Vladimir Putin: Good afternoon.
Today I introduced to the State Duma some amendments to the Criminal Code of the Russian Federation. These amendments establish a series of norms that will entail strict liability for anyone involved in human trafficking, especially trafficking children, using slave labour and other corresponding violations of the laws.
Human trafficking is a part of international organised crime. It is one of the most serious and pressing problems we face today, and is unfortunately a particularly urgent issue for us here in Russia. A growing number of Russian citizens, above all women and children, are falling victim to these cynical crimes.
Human trafficking is a form of modern slavery that entails the most brutal and cruel violations of human rights. Experts have calculated that organised crime groups make tens of millions of dollars through human trafficking. There can be no doubt that alongside the proceeds of drug and arms trafficking, this money forms the financial basis supporting international terrorism.
Russian criminal legislation does not address this problem with any systemic sort of regulation, which paves the way for such dangerous phenomena as human trafficking to go unpunished. The new amendments will fill this gap in the legislation. I call on the heads of the law enforcement agencies to give this problem their fullest attention and use all means and opportunities the law provides to combat this evil.
First, I would like to point out that these amendments provide for quite tough sanctions of up to 15 years imprisonment, and I especially want to make clear that the law will punish those who make a living from exploiting people, and not those who, after finding themselves in difficult moments in life, end up in the filthy hands of slave traders.
The second thing I wanted to say on the law enforcement theme is that in connection with the arrest of the head of the company Yukos the leadership of the Russian Union of Industrialists and Entrepreneurs and also several political figures have requested a meeting with me.
I hold regular and systematic meetings with the representatives of political parties, with employers’ and trade union leaders and with business community representatives. These meetings are useful and necessary and they will continue in the future. But there will be no meetings and no bargaining over the law enforcement agencies and their activities, so long, of course, as these agencies are acting within the limits of Russian legislation.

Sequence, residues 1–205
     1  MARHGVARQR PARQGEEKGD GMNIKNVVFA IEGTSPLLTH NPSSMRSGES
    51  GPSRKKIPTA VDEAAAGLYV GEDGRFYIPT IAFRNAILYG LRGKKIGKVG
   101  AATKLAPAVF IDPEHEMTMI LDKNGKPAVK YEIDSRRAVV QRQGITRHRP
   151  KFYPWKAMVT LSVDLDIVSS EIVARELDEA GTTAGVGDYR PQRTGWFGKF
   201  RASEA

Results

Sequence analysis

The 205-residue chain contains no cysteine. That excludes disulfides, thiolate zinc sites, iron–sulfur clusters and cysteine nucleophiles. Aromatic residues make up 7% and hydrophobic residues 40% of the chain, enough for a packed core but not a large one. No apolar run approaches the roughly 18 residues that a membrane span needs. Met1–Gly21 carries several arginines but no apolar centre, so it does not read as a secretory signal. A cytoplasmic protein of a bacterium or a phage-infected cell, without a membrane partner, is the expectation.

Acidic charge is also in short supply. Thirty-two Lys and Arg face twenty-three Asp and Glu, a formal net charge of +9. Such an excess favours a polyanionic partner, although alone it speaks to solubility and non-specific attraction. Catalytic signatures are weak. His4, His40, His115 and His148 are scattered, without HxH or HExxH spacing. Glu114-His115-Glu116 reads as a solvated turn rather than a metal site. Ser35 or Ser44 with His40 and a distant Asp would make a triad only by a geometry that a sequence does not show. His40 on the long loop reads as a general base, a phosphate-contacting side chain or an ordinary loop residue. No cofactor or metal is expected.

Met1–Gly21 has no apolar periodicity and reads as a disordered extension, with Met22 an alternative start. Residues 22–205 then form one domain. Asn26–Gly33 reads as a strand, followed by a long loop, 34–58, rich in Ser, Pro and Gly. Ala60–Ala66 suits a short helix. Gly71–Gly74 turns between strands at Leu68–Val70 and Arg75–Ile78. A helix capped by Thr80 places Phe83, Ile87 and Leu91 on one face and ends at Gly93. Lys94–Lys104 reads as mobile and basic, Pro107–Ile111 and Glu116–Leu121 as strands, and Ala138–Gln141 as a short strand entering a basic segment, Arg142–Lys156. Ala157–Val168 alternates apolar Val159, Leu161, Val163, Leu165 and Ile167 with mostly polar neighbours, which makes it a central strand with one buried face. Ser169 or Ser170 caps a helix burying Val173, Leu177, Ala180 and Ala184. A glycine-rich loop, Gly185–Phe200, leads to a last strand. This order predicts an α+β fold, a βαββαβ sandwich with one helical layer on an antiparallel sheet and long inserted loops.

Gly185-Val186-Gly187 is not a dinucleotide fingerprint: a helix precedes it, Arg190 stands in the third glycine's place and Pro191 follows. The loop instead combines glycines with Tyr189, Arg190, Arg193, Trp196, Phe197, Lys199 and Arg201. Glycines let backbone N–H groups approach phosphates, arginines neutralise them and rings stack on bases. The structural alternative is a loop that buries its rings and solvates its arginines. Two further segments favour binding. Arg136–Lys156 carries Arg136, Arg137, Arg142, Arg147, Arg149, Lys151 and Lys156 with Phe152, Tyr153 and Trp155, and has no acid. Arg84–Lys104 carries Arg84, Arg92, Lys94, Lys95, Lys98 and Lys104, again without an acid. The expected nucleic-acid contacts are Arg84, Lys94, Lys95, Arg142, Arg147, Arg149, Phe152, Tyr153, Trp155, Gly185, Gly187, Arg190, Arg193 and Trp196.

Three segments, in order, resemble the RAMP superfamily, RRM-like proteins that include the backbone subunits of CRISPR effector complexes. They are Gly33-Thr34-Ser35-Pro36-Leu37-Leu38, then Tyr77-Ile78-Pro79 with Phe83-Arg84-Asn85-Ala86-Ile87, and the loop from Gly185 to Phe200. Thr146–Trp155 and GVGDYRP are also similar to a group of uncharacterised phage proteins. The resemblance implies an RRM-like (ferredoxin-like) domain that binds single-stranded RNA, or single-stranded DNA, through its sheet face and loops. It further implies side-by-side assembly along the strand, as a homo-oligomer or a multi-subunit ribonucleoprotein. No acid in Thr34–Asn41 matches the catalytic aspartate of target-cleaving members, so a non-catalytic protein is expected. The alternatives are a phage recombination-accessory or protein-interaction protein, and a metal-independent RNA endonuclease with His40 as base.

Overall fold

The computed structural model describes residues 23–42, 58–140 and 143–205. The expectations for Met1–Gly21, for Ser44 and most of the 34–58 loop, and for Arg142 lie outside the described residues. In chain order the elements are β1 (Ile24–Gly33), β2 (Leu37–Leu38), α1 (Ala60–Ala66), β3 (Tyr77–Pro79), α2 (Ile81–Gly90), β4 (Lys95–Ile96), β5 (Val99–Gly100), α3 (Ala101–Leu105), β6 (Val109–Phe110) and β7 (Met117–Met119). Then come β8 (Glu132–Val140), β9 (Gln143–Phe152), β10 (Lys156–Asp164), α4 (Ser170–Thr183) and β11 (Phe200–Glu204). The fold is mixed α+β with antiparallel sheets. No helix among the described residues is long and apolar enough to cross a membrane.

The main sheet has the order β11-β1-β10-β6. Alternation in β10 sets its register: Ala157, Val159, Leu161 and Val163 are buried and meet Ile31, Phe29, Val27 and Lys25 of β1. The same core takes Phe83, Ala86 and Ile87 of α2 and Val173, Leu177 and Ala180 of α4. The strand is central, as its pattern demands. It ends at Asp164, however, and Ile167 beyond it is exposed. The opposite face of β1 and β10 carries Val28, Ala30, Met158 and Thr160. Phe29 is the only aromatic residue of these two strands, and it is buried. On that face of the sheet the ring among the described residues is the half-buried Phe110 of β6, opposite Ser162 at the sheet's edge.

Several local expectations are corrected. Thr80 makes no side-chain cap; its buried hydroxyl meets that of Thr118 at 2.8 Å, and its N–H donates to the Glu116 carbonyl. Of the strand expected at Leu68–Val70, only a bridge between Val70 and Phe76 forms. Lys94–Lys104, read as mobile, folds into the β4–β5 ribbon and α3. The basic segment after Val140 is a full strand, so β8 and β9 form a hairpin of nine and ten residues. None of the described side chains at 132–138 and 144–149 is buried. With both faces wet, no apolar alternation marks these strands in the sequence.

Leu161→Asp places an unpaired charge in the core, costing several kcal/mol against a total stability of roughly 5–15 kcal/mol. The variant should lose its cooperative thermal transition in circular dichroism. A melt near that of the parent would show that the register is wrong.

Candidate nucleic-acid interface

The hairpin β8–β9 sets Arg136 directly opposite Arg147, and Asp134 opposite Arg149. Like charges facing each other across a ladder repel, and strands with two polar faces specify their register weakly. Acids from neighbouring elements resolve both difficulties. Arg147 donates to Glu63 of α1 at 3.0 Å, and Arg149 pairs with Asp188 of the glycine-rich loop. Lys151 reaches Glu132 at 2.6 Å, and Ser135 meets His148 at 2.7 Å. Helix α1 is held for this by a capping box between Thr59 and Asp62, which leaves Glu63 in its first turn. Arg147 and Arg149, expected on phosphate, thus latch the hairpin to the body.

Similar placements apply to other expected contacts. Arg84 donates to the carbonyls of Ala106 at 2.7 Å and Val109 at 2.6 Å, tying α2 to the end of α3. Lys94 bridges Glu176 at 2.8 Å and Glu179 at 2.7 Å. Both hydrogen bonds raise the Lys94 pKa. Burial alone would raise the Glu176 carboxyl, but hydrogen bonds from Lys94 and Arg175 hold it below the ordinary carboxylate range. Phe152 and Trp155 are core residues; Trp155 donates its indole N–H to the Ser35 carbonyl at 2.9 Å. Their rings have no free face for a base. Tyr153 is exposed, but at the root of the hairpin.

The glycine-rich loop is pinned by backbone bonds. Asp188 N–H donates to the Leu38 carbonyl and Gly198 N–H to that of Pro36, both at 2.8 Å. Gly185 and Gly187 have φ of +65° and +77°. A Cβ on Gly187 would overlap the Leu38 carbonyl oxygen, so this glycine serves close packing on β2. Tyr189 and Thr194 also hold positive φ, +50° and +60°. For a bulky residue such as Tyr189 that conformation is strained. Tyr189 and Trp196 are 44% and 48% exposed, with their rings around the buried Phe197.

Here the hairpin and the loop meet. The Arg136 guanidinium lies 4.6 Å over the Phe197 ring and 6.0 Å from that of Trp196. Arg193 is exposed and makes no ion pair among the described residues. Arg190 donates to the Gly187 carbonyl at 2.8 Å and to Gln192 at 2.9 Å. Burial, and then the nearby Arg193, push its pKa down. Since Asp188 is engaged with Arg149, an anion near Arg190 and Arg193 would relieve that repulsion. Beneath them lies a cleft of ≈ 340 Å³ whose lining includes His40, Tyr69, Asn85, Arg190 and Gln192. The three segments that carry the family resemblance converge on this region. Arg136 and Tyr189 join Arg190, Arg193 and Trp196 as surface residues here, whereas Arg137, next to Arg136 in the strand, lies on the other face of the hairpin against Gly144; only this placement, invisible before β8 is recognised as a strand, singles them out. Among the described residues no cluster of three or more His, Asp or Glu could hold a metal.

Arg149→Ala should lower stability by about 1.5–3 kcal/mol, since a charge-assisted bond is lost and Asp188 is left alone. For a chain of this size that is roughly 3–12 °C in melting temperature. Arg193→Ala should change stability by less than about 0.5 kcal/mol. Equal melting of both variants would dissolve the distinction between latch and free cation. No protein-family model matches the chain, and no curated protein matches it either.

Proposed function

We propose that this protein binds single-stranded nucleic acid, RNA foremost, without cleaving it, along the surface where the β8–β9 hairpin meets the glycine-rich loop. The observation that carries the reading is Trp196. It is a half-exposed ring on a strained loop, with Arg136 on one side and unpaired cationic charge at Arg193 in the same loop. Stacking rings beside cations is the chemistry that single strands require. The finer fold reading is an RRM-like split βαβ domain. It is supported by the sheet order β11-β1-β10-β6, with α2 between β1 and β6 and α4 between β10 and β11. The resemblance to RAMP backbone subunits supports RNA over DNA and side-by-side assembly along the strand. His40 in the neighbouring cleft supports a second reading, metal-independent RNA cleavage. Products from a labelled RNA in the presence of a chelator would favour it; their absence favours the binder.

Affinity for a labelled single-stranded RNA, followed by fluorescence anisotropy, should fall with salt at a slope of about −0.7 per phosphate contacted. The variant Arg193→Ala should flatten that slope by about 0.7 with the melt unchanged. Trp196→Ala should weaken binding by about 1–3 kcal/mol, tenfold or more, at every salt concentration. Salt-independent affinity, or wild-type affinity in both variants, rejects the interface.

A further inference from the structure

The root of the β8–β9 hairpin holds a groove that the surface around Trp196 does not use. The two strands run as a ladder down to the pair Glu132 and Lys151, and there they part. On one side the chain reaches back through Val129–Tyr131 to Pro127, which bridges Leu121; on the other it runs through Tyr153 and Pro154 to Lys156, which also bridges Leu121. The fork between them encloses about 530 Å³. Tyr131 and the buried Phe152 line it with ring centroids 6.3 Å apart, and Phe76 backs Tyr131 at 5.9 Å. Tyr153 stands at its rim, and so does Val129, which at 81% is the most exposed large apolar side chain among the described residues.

It is true that we still have much to do to improve law enforcement work. But the country has adopted a democratic and legally regulated system of taking decisions in the criminal law sphere.
Neither the executive authorities nor even the Prosecutor’s Office can deprive someone of their freedom, even for the period of pre-trial detention. Only the court has this power. If, in this particular case, the court has made this decision, then I assume that it had reasons for doing so. In any case, it is up to those who think someone is guilty to prove so, but in the end, only the court has the power to decide, and before the court, as before the law, all should be equal, from the humblest clerk to the highest state official, as was the case, for example, with a federal government minister, or rather, former minister. Everyone should be equal before the law, whether ordinary citizen or middling entrepreneur or big businessman, and no matter how many billions of dollars they may have in their personal or corporate accounts. Without this equality we will never manage to build an economically effective and socially regulated tax system. We would never be able to teach people to pay their taxes, make them pay their taxes, ensure contributions to the social and pension funds. And we would never be able to break the back of organised crime and corruption.
Some countries have set up special systems to fight corruption, and I think it would be good for us to do likewise. I request the Government and will give the corresponding instructions to the Presidential Executive Office to come up with a corresponding proposal in this area in two weeks.
At the same time, I do understand the business community’s concern because any action taken by the federal authorities often gets turned into some kind of campaign. I must make it clear that the Yukos case should in no way be seen as setting a precedent or giving rise to analogies and generalisations regarding the results of previous privatisations, and I would ask therefore that all speculation and hysteria on this issue come to an end and that the Government not get drawn into this debate.
We will now take up economic matters. I know that the Government is preparing amendments to the Land Code to deal with a situation when the business community and entrepreneurs are unable in time to recategorise their land from perpetual use to lease or ownership in accordance with the land law. I have recently met with the Patriarch, and he said religious organisations had the same problems. I request that the Government bear this in mind when drafting its decisions. That was all I wanted to tell you at the beginning, and now let us exchange information about current problems. I would like to give the floor to Agriculture Minister Alexei Gordeyev.